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Title: ‘The Resurrection of Jesus in the Gospel of Peter : a tradition-historical study of the Akhmîm Gospel Fragment’
Author: Johnston, Jeremiah J.
ISNI:       0000 0004 2748 1318
Awarding Body: Middlesex University
Current Institution: Middlesex University
Date of Award: 2012
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Abstract:
The resurrection of Jesus lies at the very heart of the Christian faith. Apart from its proclamation the movement would have never continued after Jesus’ crucifixion. Belief in the resurrection of Jesus initiated an interesting and developing history of interpretation that entailed clarification, elaboration, and apologetic, usually in response to scepticism and sometimes severe criticism. The present thesis focuses on the history of the understanding of Jesus’ resurrection, particularly as it came to expression in the second century, especially in reference to a work known as the Gospel of Peter. Such critical study is necessary, for the resurrection account in this gospel text has been neglected. Even in Paul Foster’s recently published major study, the resurrection is not discussed to any significant degree. This investigation, however, cannot simply begin with the early Church’s proclamation of the resurrection of Jesus; it must investigate the antecedents of this idea, for these antecedents shaped in important ways how the idea was understood. The thesis proper devotes two chapters (Chapters Two and Three) to the discovery and early assessment of the Akhmîm gospel fragment, a fragment scholars at once assumed was the Gospel of Peter, a writing that was condemned by Bishop Serapion at the end of the second century. An important purpose of the thesis is to test this assumption, show how tenuous it is, and to propose better criteria for determining the date and location of the text, of which the Akhmîm fragment is a part. But before directly addressing this difficult question it is necessary to review the emergence of the resurrection idea. This will allow us with greater nuance to place the Akhmîm gospel fragment in its context. Two chapters (Chapters Four and Five) are devoted to the emergence of the resurrection idea in Israel’s antiquity and in the Second Temple (or intertestamental) period. Chapter Four traces the emergence of afterlife ideas in the old Scriptures of what now constitute the Hebrew Bible. Special attention is given to texts that may hint at bodily resurrection. Chapter Five traces the emergence of resurrection ideas in texts that begin to circulate in the two centuries or so before the time of Jesus. In these texts the hope of bodily resurrection is explicit. Chapter Six examines the resurrection idea in the writings of the New Testament looking at teaching about the resurrection, stories of resuscitation, and the resurrection of Jesus himself. Special attention is given to the New Testament’s interpretation of passages from the Hebrew Bible in support of the resurrection idea. Chapters Seven and Eight return to the question of the Akhmîm gospel fragment inquiring on what basis this fifth-century text can be identified with the second-century Gospel of Peter and, apart from such identification, can be dated to the second century. It is argued that the Akhmîm fragment can be dated to the second half of the second century not by appeals to the Oxyrhynchus texts 2949 and 4009 but by a comparative analysis of a number of texts and writers from the second century. This analysis demonstrates that the Akhmîm fragment exemplifies an apologetic that addresses second-century Jewish and pagan criticisms of the resurrection narratives of the older New Testament gospels. Comparative analysis also demonstrates that the apologetic of the Akhmîm gospel fragment was also intended to assure second-century Christians that the proclamation of the resurrection of Jesus rested upon actual eyewitness testimony of the resurrection event itself, not merely the discovery of the empty tomb and later reports of resurrection appearances. The Akhmîm fragment does this by asserting that hostile witnesses—Roman guards and Jewish elders—observed the risen Jesus emerge from the tomb. The resurrection narrative of the Akhmîm fragment is thus unique, for the New Testament gospels say nothing about humans—believers or sceptics— observing the resurrection of Jesus. The apologetic of the Akhmîm gospel narrative is designed to counter the scepticism and polemic that emerged in the second century. It also reflects Roman anti- Semitism that intensified in the aftermath of the great Jewish revolt that ended in 135 CE. The thesis also shows that both the polemic and the apologetic originated for the most part in the eastern Empire, most likely Syria itself, where the Gospel of Peter probably originated (and where Serapion lived). All pertinent elements point to a date of composition in the second century and probably in the east. It also is shown that the Akhmîm fragment’s greatly embellished scene at Jesus’ tomb coheres with the Scheintod (“apparent death”) device that became very popular in Greek romantic novels in the second century. The thesis provides a critical foundation on which scholarship concerned with the Akhmîm gospel fragment may build, for heretofore this scholarship has for the most part merely assumed that this important fragment dated to the second century. It is concluded that the Akhmîm gospel constitutes a fragment of a second-century gospel text that probably circulated under the name of Peter. This conclusion critically supports the long-held assumption that the Akhmîm text is a fragment of the Gospel of Peter condemned by Bishop Serapion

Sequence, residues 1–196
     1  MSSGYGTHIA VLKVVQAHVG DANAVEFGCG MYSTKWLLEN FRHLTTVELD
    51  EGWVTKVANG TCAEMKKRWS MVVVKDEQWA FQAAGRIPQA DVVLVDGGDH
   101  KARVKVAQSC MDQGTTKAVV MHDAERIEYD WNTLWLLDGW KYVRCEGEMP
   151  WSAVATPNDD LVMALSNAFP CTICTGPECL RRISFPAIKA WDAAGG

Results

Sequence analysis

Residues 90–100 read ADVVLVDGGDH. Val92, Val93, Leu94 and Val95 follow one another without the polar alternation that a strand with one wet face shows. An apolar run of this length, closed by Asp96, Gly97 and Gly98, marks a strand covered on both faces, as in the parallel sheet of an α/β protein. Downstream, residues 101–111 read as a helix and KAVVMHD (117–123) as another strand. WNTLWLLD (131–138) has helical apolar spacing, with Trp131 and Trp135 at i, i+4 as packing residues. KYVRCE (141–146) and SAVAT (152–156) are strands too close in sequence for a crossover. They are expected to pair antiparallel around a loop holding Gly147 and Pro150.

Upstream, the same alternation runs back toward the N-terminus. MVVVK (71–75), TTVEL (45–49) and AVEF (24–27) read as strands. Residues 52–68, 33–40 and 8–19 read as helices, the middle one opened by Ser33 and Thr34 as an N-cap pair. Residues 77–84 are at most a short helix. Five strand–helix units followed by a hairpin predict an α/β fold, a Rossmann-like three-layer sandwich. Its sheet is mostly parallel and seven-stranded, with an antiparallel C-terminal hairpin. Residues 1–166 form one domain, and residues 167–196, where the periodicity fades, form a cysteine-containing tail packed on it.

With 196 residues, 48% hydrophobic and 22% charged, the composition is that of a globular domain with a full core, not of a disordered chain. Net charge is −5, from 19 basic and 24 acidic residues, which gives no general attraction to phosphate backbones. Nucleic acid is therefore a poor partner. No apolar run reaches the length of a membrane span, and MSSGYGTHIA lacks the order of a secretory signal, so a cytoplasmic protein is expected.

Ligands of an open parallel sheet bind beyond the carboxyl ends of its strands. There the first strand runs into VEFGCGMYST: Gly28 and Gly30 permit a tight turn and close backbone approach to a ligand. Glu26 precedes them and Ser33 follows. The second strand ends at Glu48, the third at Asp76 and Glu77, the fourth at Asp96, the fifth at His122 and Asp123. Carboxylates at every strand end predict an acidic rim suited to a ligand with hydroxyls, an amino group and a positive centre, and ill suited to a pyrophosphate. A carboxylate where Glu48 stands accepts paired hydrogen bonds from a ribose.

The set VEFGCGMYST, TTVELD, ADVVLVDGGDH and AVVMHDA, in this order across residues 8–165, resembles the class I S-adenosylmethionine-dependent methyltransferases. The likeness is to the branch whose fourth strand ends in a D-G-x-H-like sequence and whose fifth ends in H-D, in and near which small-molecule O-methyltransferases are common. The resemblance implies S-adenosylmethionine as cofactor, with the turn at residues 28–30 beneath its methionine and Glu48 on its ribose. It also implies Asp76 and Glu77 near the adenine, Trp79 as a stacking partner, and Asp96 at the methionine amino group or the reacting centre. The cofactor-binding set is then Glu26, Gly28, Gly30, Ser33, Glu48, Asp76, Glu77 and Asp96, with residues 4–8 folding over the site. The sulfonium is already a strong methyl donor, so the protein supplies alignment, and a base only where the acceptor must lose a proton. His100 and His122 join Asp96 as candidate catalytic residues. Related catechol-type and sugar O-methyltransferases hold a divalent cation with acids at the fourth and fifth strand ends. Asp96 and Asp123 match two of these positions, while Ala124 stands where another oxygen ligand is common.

Supervisor: Not available Sponsor: Not available
Qualification Name: Thesis (Ph.D.) Qualification Level: Doctoral
EThOS ID: uk.bl.ethos.582146  DOI: Not available
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